It should be that simple, but it's often far more complicated. Maybe you haven't flown into many class B airports, but in my experiences, there are certainly instances when gate assignments change, alleys are blocked, ground crews are late, and much more. I've "driven" in circles at LAX as we waited for alleys to clear while simultaneously receiving new gate assignments. It's not rocket science, but it can be more complicated than your post would lead someone to believe.


User currently offlinegoboeing From United States of America, joined Jun 2000, 2700 posts, RR: 15
Reply 14, posted (10 months 3 weeks 6 days 6 hours ago) and read 6796 times:

Quoting mmedford (Reply 12):
JFK has one of the hardest ground control in the country; It has washed out more controllers than I can count.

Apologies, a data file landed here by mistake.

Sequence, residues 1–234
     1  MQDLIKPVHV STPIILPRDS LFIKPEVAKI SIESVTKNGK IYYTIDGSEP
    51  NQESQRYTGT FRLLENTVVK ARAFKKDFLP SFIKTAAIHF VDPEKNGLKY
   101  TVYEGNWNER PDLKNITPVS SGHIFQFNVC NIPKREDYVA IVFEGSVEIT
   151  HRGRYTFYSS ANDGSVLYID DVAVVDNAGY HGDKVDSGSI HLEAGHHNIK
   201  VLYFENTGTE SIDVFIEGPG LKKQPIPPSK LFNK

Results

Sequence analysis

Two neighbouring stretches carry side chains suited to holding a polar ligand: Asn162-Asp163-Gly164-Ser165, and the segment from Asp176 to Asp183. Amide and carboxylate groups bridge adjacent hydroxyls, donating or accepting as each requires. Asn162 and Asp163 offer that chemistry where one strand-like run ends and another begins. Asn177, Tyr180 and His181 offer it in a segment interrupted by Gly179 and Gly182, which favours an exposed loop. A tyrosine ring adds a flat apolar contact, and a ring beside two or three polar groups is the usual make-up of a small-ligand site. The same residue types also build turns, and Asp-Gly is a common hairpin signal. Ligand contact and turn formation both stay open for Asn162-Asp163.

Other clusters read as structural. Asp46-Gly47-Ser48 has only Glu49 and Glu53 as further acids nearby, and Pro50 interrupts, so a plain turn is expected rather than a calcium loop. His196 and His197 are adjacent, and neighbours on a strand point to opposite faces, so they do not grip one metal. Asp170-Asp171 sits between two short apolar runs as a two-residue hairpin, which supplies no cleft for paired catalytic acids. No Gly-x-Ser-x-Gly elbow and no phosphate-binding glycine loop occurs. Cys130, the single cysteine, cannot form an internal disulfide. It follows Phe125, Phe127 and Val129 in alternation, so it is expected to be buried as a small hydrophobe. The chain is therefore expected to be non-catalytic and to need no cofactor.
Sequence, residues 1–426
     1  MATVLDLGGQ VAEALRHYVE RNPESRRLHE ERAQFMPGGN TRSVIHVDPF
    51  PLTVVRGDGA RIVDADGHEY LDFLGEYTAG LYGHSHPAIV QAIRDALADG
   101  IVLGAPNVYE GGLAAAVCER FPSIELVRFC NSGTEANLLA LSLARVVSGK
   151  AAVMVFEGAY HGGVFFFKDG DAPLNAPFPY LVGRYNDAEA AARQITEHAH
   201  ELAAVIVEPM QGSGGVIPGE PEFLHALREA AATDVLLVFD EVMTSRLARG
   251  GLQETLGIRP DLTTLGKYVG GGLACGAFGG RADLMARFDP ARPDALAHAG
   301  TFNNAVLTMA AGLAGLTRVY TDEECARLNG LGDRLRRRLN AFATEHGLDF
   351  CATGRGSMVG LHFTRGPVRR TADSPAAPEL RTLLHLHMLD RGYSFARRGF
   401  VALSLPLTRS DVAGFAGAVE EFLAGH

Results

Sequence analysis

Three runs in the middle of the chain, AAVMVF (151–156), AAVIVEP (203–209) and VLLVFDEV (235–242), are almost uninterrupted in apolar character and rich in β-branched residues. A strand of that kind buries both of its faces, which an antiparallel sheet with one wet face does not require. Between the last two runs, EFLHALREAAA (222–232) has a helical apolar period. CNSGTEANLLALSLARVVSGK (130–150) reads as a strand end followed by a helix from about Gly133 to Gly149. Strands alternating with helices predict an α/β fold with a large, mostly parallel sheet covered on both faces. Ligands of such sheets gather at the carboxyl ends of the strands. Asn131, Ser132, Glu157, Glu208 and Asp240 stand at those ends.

Lots of class B airports wash out lots of controllers all the time. They don't act like a bunch of tools though. Only a few in that department. I'm sure the washout rate at EWR is just as high as JFK and yet they are so much more professional at what they do.

Quoting mmedford (Reply 12):
If you are going to fly a $200m+ dollar plane around the world, be on top of your game.

Is anyone questioning whether the pilots are on top of their game?

Quoting mmedford (Reply 12):
If you have a re-route, copy it the first time...it shouldn't require repeating it 3 times on frequency.

What type of re-route do you mean? A go back to clearance for new airways re-route? Or a change of taxi instructions from ground control? I guarantee anyone getting a clearance re-route is copying it down the first time. And if something requires repeating three times on frequency, it's probably ATC that has made it so. There's a lot going on in the cockpit not to mention the fact that it is in motion and as little time as possible is to be spent looking inside while moving (and the one taxiing essentially can do no more than quick glances at the charts until stopped).